Now Reading
3 Nigerian Mums Talk About Nurturing Their Children Living With Cerebral Palsy

3 Nigerian Mums Talk About Nurturing Their Children Living With Cerebral Palsy

Some mothers share with PUNCH, their heart-rending journey laced with stigma and rejection as they care for children with cerebral palsy caused by jaundice.

With unsteady gait, nine-year-old Emmanuel wobbled to a bench and struggled to sit. After several failed attempts to maintain a balance landed him on the dusty floor, his mother, Chioma Maduka, helped him to settle down.

Constrained by his physical state, the boy watched with interest as other children played around him. Emmanuel has cerebral palsy and, according to his mother, it was caused by jaundice that was not promptly treated.

She claims her son was born normal but that things went awry days later. Chioma recalls going into labour at exactly nine months and had visited the hospital immediately, but she was sent home by a doctor because her cervix had not dilated.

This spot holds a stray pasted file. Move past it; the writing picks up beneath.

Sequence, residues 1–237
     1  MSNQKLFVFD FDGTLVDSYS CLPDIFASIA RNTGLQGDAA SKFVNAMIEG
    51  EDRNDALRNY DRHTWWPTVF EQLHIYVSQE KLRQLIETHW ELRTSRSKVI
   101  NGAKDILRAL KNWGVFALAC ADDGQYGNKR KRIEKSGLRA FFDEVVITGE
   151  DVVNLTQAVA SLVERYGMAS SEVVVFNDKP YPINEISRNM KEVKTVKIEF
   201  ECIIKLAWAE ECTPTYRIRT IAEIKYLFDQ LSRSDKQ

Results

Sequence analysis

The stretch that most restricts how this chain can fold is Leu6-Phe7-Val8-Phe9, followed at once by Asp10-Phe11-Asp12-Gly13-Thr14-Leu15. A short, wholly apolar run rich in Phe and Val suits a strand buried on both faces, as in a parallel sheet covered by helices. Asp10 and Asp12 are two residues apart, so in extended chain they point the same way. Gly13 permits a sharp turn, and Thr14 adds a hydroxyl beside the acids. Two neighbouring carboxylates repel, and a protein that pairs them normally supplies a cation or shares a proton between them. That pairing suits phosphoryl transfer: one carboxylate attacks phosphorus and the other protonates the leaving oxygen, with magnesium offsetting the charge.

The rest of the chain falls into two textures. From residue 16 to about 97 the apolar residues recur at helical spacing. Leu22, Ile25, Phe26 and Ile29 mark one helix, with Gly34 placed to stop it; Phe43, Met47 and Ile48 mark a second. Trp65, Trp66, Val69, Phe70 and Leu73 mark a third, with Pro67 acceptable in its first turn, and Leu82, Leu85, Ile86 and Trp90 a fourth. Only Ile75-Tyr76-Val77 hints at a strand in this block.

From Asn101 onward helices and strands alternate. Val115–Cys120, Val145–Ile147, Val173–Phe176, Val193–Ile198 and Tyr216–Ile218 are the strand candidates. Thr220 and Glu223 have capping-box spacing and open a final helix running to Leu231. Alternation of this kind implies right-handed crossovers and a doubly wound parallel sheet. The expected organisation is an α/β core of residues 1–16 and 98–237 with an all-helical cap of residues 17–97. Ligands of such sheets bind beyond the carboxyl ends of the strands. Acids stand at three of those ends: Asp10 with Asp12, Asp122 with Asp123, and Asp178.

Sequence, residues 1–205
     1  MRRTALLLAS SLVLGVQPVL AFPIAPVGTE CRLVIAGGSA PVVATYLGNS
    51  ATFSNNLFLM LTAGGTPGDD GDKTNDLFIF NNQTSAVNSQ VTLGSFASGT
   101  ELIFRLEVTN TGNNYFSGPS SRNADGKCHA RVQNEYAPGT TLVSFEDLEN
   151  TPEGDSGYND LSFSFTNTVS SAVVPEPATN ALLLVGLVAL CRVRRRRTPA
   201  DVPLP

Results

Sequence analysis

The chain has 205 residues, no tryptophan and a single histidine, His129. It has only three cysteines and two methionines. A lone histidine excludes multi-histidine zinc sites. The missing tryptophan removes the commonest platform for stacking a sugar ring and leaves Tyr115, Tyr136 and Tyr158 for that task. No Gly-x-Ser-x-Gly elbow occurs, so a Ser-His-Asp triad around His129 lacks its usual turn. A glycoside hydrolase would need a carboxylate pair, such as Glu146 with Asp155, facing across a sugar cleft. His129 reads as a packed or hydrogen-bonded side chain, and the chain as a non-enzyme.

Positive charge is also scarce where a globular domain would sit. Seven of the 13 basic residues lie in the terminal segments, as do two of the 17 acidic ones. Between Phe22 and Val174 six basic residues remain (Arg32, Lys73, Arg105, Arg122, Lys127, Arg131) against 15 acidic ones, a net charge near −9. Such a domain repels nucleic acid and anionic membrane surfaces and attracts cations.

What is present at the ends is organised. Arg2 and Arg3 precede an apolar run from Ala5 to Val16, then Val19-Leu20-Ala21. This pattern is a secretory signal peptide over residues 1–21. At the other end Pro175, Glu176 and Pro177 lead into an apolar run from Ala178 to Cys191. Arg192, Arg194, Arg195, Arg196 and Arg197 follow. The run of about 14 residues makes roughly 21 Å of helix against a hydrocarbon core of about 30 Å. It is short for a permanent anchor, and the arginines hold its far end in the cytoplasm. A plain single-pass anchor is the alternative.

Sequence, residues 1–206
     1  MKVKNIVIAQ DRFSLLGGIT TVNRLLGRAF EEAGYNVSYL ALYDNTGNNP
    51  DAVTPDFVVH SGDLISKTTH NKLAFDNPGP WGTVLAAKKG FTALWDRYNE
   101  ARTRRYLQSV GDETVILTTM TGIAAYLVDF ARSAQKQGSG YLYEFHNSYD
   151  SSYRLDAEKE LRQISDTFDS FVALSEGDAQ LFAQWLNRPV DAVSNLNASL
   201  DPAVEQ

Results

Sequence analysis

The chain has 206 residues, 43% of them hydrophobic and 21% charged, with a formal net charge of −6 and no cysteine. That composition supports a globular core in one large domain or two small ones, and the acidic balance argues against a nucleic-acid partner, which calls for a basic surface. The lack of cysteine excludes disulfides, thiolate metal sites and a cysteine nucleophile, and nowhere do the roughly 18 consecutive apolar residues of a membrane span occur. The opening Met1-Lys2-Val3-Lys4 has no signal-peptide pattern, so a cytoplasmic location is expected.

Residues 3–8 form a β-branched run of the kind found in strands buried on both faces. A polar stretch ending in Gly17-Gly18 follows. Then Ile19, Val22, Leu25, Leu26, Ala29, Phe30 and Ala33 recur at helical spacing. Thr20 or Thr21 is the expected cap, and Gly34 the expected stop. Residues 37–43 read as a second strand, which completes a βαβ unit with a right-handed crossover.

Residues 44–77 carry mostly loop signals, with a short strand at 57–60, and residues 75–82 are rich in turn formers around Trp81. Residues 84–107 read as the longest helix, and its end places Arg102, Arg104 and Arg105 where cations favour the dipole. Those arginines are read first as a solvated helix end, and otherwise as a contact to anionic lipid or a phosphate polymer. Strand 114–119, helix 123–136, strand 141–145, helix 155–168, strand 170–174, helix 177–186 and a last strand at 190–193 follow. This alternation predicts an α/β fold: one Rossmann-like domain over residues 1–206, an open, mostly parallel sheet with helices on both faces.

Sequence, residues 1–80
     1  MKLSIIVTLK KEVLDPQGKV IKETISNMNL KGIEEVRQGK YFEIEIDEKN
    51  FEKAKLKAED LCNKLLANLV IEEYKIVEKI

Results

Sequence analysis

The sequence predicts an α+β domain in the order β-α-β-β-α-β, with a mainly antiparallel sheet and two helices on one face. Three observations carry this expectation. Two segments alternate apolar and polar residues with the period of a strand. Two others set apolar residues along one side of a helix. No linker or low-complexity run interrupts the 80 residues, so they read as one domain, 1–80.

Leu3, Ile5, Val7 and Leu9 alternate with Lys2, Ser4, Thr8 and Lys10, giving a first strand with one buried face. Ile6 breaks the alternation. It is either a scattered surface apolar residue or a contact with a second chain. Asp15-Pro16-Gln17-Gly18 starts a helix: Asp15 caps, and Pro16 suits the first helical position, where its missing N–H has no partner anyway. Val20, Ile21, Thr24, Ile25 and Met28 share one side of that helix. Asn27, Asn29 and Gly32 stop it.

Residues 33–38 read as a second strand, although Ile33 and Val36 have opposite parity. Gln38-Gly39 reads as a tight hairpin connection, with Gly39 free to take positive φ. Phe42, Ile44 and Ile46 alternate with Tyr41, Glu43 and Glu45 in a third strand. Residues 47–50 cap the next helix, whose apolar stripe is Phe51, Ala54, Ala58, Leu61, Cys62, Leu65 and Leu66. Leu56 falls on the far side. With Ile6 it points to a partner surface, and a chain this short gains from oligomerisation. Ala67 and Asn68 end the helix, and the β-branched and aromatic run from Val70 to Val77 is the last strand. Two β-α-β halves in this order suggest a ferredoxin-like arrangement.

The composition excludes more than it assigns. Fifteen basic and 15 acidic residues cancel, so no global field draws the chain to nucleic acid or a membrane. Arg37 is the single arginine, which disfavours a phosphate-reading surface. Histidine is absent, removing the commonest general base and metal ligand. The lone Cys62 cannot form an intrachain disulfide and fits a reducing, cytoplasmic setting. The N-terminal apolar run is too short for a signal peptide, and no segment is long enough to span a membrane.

Narrating her childbirth journey, Chioma said,

“I was already draining amniotic fluid, but the doctor asked me to go home. I gave birth at home the next day because I couldn’t make it to the hospital again.

“Three days later, a midwife that visited me observed that my baby had jaundice. A test carried out in a private hospital confirmed it and we were referred to the Massey Street Children Hospital, Lagos Island, where he was given blood transfusion.

“Emmanuel was put in an incubator for two weeks, but we were discharged prematurely because there was no more money to pay for his treatment.”

Chioma says she later realized that something was wrong with her son when he couldn’t attain the milestones expected of his age, adding, “He couldn’t crawl or walk. He would just sit in a place. I was devastated.”

Emmanuel, who still requires round-the-clock care, finally took his first wobbly steps at the age of seven.

Surviving on pittance

Maduka earns N25,000 working in a factory in Ajao Estate, Lagos, and laments that her life has been put on hold due to her son’s state of health.

“I have not been to work for five days because of him. Each day that I am absent, N1,500 gets deducted from my salary. My parents that were helping have both died.

“Emmanuel’s father rejected him while I was still pregnant with him and had only seen him once since his birth.

“I am appealing for help to put him in a school for children with special needs; but, based on my findings, it costs so much. I love him as a son and I’m committed to giving him the best, irrespective of his disability,”

Chioma said.

Multiple whammies